(Tampa, FL) – Since the late 1800s, professional wrestling has turned out many high-profile stars. But one of the most well-known personalities wasn’t even a wrestler.
He was a commentator and announcer named Gordon Solie.
Now author Bob Allyn, with help from co-authors Pamela S. Allyn (Gordon Solie’s Daughter) and Scott Teal, aims to enrich wrestling fans with the life and times of this legendary broadcaster, who died in 2000 at the age of 71.
Published by Crowbar Press, The Solie Chronicles takes fans on a wild ride behind-the-scenes in the world of professional wrestling.
All sorts of personalities make their way into Allyn’s book about Solie—everyone from wrestlers like Ric Flair and Dusty Rhodes and Hulk Hogan to “The Voice of Florida wrestling,” Shannon Rose.
Famous dead-pan style interviews and colorful play-by-play broadcasts of wrestling led to Solie’s induction into the WCW Hall of Fame (Class of 1995), the NWA Hall of Fame
(Class of 2006), and the WWE Hall of Fame (Class of 2008).
It’s been said of Solie’s influence and stature, “Gordon calling a world championship match was like Al Michaels or Bob Costas calling a Super Bowl or World Series … just a perfect fit!”
Author Allyn says, “The background material for this biography was found in Gordon’s personal files and taken from interviews with the people who knew him the best. It’s written as a testament to a man who made his mark in many endeavors,” Allyn says.
The bulk of the book’s content is drawn from interviews with 65 people from all walks of life who knew Gordon best: family and friends; stock car drivers; professional wrestlers; referees and promoters; journalists; commentators, broadcasters, and photographers.
Born Jonard Frank Labiak on January 26, 1929, Gordon began working as a page and errand boy for a Louisiana radio station while he was in the U.S. Air Force. Known to his fellow servicemen as “Gordy,” he would later legally change his name to Gordon Solie, a name chosen to honor his family history.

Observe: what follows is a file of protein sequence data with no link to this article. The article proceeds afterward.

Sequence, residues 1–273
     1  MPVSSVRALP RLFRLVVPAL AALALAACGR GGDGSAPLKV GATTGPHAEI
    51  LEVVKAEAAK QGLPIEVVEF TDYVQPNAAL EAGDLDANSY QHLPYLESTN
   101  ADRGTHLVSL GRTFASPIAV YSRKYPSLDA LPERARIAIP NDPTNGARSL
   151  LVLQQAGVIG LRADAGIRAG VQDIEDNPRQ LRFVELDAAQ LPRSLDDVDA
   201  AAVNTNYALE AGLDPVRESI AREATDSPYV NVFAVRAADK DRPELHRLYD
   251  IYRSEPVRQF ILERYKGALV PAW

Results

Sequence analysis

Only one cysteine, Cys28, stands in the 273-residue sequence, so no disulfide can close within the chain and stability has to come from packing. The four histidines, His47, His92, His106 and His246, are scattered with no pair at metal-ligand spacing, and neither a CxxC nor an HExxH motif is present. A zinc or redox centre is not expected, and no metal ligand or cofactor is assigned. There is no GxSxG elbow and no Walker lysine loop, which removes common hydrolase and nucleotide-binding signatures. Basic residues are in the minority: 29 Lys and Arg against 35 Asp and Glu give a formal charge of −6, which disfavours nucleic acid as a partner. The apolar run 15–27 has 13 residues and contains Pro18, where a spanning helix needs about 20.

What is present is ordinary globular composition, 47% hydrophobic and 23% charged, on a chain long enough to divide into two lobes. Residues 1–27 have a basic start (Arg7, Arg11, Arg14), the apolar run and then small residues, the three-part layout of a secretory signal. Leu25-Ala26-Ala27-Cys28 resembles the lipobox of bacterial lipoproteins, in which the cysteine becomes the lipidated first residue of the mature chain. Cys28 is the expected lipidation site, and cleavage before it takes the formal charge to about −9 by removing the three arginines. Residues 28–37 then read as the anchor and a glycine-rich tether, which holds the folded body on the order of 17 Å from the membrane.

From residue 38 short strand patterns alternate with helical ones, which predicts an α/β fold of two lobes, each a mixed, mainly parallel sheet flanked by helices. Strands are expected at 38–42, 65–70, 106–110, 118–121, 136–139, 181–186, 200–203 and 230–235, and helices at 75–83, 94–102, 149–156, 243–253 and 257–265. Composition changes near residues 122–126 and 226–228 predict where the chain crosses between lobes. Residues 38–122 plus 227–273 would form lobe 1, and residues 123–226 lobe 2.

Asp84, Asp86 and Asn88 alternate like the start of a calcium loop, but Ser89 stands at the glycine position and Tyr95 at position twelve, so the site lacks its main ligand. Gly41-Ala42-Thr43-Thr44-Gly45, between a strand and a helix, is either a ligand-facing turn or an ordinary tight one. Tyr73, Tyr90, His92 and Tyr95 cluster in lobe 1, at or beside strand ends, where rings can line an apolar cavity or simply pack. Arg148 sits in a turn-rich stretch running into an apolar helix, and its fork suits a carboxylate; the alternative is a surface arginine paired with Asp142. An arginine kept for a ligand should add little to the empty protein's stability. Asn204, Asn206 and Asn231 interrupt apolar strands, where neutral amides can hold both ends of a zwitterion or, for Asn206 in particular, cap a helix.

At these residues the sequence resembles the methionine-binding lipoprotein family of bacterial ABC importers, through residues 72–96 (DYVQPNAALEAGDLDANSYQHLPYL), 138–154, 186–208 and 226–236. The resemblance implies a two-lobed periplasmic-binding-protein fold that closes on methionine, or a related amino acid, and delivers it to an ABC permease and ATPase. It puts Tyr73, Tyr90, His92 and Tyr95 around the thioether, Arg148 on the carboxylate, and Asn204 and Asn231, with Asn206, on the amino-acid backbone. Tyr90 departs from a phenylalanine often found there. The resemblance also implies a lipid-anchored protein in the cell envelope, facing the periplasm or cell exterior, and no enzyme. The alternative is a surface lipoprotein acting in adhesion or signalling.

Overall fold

In 1950, he took a job as an announcer for WEBK radio in Ybor City, Florida. By starting his own radio sports interview program, Gordon made key contacts in professional wrestling and stock car racing.
Subsequently, Solie set a course and made a major impact on the development of professional wrestling, along with being closely associated with national auto thrill show tours, stock car racing on Florida’s Suncoast, and ultimately, becoming the host for the highest-rated show on the largest cable network in America.
Gordon left WCW with a record of good performance, but he did leave an off-the-job situation hanging over his head. While still with WCW, the company changed Gordon’s flights from Delta to Kiwi. He wasn’t happy about the change. Not only did he and Smoky take vacation trips on Gordon’s Delta frequent flyer miles, but a lot of the attendants knew him. He was a regular and they treated him like one. They would make allowances if he occasionally drank too much, and perhaps even chastise him for lighting a cigarette on a plane.
“Gordon used to sneak a wet towel into the bathrooms on the airplanes,” said Harley Race. “He used to put the damp towel over the smoke detector and sit in the airplane restroom and smoke cigarettes. Gordon was the reason that the airlines added signs about not tampering with their smoke detectors.”
When Gordon learned that some WCW staff members were still flying Delta, he was doubly ticked off. Chip on his shoulder and all, Gordon got on a Kiwi flight and began belting down some drinks, and then fired up a cigarette. When a flight attendant began to reprimand him, she got a strong dose of verbal abuse from him. When airline personnel complained to WCW about Gordon’s behavior, someone at WCW filed that away in their memory for use at a future date.